senseless. Then Washington went down, while Andy, Bill
I did not give, the operation of the Freedmen's Bureau that attention I would have done if more time had been at my disposal. Conversations on the subject, however, with officers connected with the Bureau, led me to think that in some of the States its affairs have not been conducted with good judgment and economy, and that the belief, widely spread among the freedmen of the Southern States, that the land of their former masters will, at least in part, be divided among them, has come from the agents of this Bureau. This belief is seriously interfering with the willingness of the freedmen to make contracts for the coming year. In some form the Freedmen's Bureau is an absolute necessity until civil law is established and enforced, securing to the freedmen their rights and full protection. At present, however, it is independent of the Military establishment of the country, and seems to be operated by the different agents of the Bureau according to their individual notions, every where. Gen. Howard, the able head of the Bureau, made friends by the just and fair instructions and advice he gave; but the complaint in South Carolina was that, when he left, things went on as before. Many, perhaps the majority of the agents of the Bureau, advised the freedmen that by their industry they must expect to live. To this end they endeavor to secure employment for them: to see that both contracting parties comply with their agreements. In some instances; I am sorry to say, the freedman's mind does not seem to be disabused of the idea that a freedman has a right to live without care or provision for the future. The effect of the belief in the division of lands is idleness and accumulation in camps, towns, and cities. In such cases, I think it will be found that vice and disease will tend to the extermination, or great reduction of the colored race. It cannot be expected that the opinions held by men at the South can be changed in a day, and therefore the freedmen require for a few years not only laws to protect them, but the fostering care of those who will give them good counsel and in whom they can rely.
U. S. Grant, Lieutenant General.
This report was at once vigorously denounced in and out of Congress, by the extremists. Mr. Sumner characterized it in the Senate, as a "whitewashing report." The standing of General Grant in the country at large, however, was such that few had the indiscretion to attack him openly.
The controlling element of the party which had elected Lincoln and Johnson, had acquiesced for a time in the plan of reconstruction foreshadowed by Mr. Lincoln and adopted by Mr. Johnson, but during the summer of 1865, frictions developed between Mr. Johnson and those who on Mr. Lincoln's death had assumed the leadership in the work of reconstruction and other matters of administration, came to take the opposite ground, from the first occupied by Sumner and other extremists in Congress--that the States lately in rebellion had destroyed themselves by their own act of war, and had thereby forfeited all the rights of Statehood and were but conquered provinces, subject solely to the will of the conqueror.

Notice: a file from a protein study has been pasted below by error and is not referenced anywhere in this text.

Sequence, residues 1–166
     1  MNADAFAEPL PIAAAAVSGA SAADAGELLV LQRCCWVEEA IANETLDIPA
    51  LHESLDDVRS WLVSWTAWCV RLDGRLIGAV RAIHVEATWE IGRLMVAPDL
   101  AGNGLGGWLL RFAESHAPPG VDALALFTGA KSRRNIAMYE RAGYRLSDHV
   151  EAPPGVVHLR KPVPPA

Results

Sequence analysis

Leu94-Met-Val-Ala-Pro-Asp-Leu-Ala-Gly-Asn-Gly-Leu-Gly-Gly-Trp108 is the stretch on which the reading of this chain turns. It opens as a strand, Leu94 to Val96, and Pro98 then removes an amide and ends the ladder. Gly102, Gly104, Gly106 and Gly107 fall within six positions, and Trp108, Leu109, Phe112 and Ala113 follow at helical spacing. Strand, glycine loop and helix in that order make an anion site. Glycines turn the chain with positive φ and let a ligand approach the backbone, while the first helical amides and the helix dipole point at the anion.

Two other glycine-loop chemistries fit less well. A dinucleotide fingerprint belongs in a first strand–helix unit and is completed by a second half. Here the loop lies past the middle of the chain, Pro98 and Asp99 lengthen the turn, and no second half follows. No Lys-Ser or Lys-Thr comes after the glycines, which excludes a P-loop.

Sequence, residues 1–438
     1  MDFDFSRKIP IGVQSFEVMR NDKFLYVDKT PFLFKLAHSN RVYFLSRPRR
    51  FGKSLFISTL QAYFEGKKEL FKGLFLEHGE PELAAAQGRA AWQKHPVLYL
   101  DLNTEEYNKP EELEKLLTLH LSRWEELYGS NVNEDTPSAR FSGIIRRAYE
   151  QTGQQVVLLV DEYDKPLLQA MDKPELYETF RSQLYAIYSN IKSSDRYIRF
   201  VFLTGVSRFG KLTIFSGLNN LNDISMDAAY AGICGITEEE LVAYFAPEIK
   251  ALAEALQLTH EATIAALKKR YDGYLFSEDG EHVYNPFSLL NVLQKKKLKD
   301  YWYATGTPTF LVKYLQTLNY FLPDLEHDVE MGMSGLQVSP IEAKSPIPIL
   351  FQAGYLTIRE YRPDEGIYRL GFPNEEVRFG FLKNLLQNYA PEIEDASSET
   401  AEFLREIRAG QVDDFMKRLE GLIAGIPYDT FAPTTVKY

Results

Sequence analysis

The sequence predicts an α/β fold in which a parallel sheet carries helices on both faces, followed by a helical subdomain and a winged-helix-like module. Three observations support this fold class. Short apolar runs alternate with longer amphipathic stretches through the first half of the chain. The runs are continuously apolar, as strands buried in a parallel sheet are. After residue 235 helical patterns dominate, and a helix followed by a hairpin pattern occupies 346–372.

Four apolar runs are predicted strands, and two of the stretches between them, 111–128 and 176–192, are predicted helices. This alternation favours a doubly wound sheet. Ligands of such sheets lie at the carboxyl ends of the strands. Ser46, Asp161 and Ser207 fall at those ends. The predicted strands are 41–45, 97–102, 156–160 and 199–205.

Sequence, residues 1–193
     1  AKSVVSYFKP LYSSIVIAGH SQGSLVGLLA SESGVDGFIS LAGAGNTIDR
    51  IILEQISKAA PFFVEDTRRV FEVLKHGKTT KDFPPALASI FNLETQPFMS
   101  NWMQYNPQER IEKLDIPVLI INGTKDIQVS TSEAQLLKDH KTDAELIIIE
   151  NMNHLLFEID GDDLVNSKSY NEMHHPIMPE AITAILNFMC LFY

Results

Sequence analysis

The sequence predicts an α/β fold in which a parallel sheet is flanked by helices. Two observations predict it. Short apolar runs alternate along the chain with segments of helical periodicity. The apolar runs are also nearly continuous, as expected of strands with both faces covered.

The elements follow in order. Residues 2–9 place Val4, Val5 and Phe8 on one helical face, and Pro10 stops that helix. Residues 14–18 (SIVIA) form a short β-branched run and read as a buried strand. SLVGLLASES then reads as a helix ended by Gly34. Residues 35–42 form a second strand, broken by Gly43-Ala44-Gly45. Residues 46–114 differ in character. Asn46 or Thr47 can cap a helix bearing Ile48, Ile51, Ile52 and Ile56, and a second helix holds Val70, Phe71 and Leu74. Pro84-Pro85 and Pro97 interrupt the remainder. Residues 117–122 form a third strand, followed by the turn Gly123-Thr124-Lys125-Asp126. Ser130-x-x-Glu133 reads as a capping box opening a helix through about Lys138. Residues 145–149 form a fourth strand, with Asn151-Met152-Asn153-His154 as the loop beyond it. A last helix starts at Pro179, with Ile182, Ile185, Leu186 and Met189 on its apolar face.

From that point their ways parted and widened from month to month, till bitter hostility, political and personal, came to mark even their official intercourse.
Mr. Johnson was practically unknown to the great mass of the people of the North till he succeeded to the Presidency. He was in no sense regarded as or assumed to be the leader of the dominant party; while those who on Mr. Lincoln's death became leaders of the dominant party in opposition to Mr. Johnson's administration and policies, were widely known and of long public experience, and had correspondingly the confidence of their party.
So, in the strife that ensued, as it became embittered with the lapse of time, Mr. Johnson was at great disadvantage, and made little or no headway, but rather lost ground as the controversy progressed. His moderate, conservative views, radically expressed, in regard to what should be the methods of reconstruction and the restoration of the Union, found little favor with the mass of the veterans of the Union armies who had but lately returned from the victorious fields of the South, their blood not yet cooled after the fury and heat of the strife while to many, who had witnessed the horrors of war at a safe distance, with the cessation of hostilities in the field, to which they had been only anxious spectators, became suddenly enthused over issues that others had fought out in battle, and vigorously vicious towards Mr. Johnson for presuming to treat the conquered people of the South as American citizens and entitled to the rights of such, after having laid down their arms and peacefully returned to their homes and their respective callings.
This temper, permeating, as it did, the dominant party of practically every Northern State, was not unstintingly reflected upon the National Capitol in the return to Congress of a large majority in both Houses, of men who sympathized with and reflected back again upon their constituents the most extreme views as to what should be the policy of the Government towards the South.